A lot. The short list: Eduardo Rodriguez has to return from his season lost to COVID-19 and its aftereffects to pitch as effectively as he did in his 19-win ’19 season … One of Nathan Eovaldi or Garrett Richards needs to stay healthy and produce to the level of his electric stuff … J.D. Martinez (.985 OPS during his first two seasons with the Red Sox, .680 last season) needs to reemerge as a middle-of-the-order force whether or not he has full access to the video room … Alex Verdugo needs to produce like an All-Star … Andrew Benintendi, presuming he isn’t traded, needs to remind us again why he drew all of those Fred Lynn comparisons not that long ago … Rafael Devers needs to become an MVP candidate while proving he can handle the rigors of third base … Chris Sale needs to return around June as Chris Sale, and not 1981 Frank Tanana … Xander Bogaerts, bless him, just needs to keep doing what he’s doing.

That’s a lot of needs right there. How much of that will happen? Well … some. I still believe Devers will be a superstar. It’s possible that Martinez and Benintendi were both messed up by the weird parameters of the 2020 season and will return to productive form. I think Richards will be good, though his workload will have to be monitored given that he hasn’t thrown more than 76.1 innings in a season since 2015.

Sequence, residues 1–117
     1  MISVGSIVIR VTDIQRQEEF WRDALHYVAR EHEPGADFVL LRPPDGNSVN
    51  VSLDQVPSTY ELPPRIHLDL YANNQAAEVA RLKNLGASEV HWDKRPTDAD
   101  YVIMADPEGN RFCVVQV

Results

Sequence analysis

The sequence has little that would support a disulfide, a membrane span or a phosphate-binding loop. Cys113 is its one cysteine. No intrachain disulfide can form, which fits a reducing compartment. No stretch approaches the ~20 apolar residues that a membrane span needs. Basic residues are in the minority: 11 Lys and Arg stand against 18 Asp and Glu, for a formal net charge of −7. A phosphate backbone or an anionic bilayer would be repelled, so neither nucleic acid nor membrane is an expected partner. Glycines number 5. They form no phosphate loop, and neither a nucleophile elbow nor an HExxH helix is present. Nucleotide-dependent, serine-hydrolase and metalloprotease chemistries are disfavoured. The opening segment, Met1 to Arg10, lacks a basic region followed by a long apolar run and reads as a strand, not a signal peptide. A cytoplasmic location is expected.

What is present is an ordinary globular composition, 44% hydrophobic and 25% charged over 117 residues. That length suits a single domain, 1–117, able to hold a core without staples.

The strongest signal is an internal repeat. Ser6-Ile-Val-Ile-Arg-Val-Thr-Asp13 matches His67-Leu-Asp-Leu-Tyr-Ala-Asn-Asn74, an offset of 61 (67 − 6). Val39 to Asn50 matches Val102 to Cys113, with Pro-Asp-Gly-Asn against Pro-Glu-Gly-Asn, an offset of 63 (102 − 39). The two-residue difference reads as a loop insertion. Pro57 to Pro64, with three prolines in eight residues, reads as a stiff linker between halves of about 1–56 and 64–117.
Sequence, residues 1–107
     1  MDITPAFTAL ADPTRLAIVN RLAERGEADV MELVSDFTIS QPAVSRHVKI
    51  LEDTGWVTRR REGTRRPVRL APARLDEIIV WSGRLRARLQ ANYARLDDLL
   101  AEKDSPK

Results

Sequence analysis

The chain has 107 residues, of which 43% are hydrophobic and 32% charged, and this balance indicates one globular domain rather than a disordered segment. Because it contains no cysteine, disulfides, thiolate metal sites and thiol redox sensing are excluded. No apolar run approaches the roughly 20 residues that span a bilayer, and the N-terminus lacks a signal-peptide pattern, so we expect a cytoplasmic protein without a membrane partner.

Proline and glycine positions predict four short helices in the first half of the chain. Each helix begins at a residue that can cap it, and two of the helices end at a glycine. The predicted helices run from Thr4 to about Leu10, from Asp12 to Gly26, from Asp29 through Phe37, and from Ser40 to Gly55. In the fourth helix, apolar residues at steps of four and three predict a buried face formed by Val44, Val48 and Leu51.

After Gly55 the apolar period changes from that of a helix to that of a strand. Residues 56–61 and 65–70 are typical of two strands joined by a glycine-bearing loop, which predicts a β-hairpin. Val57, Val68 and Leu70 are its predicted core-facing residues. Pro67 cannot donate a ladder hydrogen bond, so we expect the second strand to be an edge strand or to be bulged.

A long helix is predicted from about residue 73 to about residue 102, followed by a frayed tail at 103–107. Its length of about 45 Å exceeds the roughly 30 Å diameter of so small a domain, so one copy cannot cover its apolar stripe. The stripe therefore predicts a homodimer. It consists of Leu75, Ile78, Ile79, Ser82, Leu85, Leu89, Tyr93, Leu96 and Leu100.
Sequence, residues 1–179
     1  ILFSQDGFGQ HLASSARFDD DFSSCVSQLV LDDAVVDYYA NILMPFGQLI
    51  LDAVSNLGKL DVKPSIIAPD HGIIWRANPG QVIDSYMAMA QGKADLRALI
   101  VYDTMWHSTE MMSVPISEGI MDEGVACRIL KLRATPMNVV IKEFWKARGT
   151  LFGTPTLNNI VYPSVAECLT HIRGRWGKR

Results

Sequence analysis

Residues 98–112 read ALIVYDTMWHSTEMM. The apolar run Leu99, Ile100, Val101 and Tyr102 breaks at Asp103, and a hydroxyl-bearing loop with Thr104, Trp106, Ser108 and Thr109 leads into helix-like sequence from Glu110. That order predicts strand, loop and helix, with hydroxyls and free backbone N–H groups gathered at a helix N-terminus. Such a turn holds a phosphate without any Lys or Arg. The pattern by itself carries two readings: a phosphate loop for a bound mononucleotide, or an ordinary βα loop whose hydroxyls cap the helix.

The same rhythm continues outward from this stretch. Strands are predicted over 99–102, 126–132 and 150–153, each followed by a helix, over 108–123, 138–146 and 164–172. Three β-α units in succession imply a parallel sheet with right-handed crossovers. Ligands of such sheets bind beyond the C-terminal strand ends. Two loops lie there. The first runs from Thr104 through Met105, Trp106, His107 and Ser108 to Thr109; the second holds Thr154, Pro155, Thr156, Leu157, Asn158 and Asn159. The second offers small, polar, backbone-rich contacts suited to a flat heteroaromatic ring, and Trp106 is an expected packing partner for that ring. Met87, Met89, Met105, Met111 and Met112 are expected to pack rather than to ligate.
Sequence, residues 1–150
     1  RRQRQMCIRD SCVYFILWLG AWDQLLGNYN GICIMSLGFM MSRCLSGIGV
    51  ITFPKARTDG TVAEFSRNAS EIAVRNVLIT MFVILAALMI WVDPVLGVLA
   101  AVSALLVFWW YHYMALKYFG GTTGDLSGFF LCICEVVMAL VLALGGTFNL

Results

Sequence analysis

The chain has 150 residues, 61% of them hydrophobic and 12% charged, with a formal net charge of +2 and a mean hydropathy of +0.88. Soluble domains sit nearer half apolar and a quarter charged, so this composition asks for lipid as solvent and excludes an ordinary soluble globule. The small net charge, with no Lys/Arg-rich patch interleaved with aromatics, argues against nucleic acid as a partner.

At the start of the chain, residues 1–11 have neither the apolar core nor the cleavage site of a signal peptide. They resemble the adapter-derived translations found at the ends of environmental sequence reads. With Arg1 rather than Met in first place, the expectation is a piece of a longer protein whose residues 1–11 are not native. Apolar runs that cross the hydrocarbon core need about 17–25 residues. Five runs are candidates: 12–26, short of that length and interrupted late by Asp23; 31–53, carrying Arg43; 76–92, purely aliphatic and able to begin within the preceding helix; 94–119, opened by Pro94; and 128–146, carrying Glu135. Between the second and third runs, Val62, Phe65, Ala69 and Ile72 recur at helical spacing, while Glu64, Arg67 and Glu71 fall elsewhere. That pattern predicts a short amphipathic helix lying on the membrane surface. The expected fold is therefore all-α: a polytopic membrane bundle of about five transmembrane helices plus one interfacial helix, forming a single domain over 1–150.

The Red Sox have a greater depth of options than they’ve had in a while; it wouldn’t be surprising to see someone like Nick Pivetta emerge as a reliable member of the pitching staff. Jarren Duran’s arrival could be fun, and it’s possible that Bobby Dalbec emerges as something more than an all-or-nothing slugger (he had 8 homers and 39 strikeouts in 92 plate appearances last season) in the Dave Kingman mold.

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But I’m still not sure there will be quite enough immediate quality among that depth. I do like Bloom’s recent mid-level, high-reward pickups. Adam Ottavino is a slightly better Matt Barnes, Hunter Renfroe will launch his share of baseballs into the Monster seats, and hustling Kiké Hernández is going to be a fan-favorite, especially if he’s deployed in a superutility role rather than as the everyday second baseman (he has a career .673 OPS against righthanded pitching, but .820 against lefties).